From the book shot forth a ray of light which grew broad and full, like the stem of a tree, from which bright rays spread upward and over the student’s head. Each leaf was fresh, and each flower was like a beautiful female head; some with dark and sparkling eyes, and others with eyes that were wonderfully blue and clear. The fruit gleamed like stars, and the room was filled with sounds of beautiful music. The little goblin had never imagined, much less seen or heard of, any sight so glorious as this. He stood still on tiptoe, peeping in, till the light went out in the garret. The student no doubt had blown out his candle and gone to bed; but the little goblin remained standing there nevertheless, and listening to the music which still sounded on, soft and beautiful, a sweet cradle-song for the student, who had lain down to rest.
“This is a wonderful place,” said the goblin; “I never expected such a thing. I should like to stay here with the student;” and the little man thought it over, for he was a sensible little spirit. At last he sighed, “but the student has no jam!”
Hans Christian Andersen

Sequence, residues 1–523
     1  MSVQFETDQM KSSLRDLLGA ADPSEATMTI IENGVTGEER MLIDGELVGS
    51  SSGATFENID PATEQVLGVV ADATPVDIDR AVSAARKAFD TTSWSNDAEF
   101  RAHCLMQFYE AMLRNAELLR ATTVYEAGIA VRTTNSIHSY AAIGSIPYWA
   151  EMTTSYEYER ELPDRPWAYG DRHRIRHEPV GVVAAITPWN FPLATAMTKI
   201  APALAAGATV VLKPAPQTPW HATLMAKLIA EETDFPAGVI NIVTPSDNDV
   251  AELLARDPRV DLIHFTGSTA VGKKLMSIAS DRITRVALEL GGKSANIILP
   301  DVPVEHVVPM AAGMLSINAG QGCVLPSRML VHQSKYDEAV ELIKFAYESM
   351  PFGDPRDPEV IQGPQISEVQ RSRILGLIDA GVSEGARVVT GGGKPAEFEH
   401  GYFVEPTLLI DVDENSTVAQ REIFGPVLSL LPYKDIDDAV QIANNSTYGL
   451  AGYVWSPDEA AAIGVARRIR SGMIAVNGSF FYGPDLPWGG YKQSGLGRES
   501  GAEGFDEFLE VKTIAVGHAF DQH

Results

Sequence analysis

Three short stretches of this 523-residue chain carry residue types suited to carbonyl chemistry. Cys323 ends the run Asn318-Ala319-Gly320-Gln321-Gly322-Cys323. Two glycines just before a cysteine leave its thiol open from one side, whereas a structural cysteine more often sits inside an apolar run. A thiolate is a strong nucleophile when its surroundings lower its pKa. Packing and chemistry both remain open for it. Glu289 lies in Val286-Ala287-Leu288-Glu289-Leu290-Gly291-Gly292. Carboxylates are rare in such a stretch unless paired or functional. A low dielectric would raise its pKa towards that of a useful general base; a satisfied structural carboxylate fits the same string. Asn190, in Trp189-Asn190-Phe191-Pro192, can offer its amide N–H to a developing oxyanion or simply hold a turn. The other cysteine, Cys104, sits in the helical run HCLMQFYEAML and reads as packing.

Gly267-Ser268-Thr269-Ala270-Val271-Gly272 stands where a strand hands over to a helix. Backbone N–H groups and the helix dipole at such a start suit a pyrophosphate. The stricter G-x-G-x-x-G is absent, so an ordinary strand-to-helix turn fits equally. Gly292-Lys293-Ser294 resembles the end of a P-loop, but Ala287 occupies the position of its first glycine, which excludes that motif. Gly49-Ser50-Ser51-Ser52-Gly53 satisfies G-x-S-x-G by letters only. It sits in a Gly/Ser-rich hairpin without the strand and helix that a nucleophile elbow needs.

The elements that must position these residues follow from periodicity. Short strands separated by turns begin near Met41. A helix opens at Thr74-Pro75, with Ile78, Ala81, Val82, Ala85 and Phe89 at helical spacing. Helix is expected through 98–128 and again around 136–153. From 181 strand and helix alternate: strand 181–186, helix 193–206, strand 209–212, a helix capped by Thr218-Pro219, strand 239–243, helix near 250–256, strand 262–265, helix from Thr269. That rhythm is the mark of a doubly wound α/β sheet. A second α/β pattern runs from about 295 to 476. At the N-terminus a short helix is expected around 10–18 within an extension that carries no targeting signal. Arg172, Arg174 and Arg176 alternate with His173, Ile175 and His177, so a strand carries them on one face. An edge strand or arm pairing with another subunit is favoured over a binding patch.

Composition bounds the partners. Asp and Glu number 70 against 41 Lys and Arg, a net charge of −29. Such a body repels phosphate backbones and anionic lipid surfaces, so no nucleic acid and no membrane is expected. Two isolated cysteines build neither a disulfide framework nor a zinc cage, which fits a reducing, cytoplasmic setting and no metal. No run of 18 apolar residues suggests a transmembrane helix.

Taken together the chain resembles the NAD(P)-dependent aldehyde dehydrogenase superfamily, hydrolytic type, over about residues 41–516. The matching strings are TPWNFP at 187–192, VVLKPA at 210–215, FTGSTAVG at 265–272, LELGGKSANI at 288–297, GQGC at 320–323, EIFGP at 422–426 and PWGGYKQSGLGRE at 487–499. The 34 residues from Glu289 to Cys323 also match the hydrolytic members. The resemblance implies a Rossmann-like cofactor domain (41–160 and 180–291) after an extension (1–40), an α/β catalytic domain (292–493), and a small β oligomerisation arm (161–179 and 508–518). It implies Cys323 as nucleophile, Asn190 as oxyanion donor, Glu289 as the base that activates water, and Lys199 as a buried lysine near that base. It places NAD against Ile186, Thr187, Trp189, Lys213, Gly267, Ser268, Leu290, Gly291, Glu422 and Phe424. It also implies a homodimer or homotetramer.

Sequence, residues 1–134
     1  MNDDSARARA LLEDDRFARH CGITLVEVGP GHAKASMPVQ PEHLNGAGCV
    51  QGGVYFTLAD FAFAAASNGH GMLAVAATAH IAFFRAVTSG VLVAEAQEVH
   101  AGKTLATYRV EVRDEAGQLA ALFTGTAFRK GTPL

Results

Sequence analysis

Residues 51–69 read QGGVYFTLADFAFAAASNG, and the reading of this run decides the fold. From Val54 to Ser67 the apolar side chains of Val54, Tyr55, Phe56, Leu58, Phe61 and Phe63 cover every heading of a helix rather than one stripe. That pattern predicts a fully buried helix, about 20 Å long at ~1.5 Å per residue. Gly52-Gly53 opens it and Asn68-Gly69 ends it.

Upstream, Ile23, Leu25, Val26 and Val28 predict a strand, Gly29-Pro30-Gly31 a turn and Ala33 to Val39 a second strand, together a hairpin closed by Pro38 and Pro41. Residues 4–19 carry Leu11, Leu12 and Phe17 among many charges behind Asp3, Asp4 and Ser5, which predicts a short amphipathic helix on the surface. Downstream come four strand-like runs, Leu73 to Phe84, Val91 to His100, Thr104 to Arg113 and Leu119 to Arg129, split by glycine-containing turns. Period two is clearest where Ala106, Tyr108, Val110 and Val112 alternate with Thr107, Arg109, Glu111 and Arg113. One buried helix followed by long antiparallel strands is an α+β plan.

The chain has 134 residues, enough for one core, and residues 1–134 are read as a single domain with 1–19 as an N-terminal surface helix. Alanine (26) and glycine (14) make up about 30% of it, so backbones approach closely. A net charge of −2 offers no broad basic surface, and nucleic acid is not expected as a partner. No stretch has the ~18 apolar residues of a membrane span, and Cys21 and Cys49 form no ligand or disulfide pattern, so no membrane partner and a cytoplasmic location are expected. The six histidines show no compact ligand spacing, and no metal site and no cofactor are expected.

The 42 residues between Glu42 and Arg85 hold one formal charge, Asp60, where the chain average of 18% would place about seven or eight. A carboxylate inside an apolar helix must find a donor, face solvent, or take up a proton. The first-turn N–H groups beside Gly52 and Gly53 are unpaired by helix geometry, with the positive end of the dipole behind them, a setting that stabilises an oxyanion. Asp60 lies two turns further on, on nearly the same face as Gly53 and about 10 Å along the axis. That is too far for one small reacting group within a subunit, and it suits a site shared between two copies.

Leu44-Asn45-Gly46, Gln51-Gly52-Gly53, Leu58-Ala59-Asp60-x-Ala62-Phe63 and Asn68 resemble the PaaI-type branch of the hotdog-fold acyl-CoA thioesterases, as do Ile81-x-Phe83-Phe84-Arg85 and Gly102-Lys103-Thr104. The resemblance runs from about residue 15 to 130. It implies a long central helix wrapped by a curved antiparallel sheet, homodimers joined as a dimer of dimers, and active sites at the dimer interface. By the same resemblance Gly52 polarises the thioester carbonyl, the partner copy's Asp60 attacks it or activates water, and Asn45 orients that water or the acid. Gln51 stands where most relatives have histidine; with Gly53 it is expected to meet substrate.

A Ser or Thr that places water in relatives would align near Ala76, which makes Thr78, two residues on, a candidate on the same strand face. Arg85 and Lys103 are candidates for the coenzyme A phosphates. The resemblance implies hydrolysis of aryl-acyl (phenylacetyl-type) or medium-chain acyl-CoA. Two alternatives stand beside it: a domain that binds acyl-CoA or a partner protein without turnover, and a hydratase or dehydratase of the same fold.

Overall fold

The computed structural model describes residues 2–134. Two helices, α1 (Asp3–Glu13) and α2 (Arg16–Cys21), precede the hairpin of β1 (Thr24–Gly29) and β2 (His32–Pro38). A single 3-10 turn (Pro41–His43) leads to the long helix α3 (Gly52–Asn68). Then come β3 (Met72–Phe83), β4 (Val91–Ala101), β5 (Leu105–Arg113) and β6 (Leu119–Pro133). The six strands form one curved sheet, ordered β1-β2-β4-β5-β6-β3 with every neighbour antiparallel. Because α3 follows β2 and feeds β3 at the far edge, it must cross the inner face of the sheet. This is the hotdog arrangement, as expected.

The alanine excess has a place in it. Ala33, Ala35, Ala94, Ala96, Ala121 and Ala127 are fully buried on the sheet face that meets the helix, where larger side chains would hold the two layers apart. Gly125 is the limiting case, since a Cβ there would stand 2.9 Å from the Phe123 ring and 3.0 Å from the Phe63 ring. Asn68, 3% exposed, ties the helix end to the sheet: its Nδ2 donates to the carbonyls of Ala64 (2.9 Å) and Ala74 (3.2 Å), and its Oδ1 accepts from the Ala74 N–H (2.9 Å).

[…] in the middle of the night, the goblin was awoke by a terrible noise and knocking against the window shutters and the house doors, and by the sound of the watchman’s horn; for a great fire had broken out, and the whole street appeared full of flames. Was it in their house, or a neighbor’s? No one could tell, for terror had seized upon all. The huckster’s wife was so bewildered that she took her gold ear-rings out of her ears and put them in her pocket, that she might save something at least. The huckster ran to get his business papers, and the servant resolved to save her blue silk mantle, which she had managed to buy. Each wished to keep the best things they had. The goblin had the same wish; for, with one spring, he was up stairs and in the student’s room, whom he found standing by the open window, and looking quite calmly at the fire, which was raging at the house of a neighbor opposite. The goblin caught up the wonderful book which lay on the table, and popped it into his red cap, which he held tightly with both hands. The greatest treasure in the house was saved; and he ran away with it to the roof, and seated himself on the chimney. The flames of the burning house opposite illuminated him as he sat, both hands pressed tightly over his cap, in which the treasure lay; and then he found out what feelings really reigned in his heart, and knew exactly which way they tended. And yet, when the fire was extinguished, and the goblin again began to reflect, he hesitated, and said at last, “I must divide myself between the two; I cannot quite give up the huckster, because of the jam.”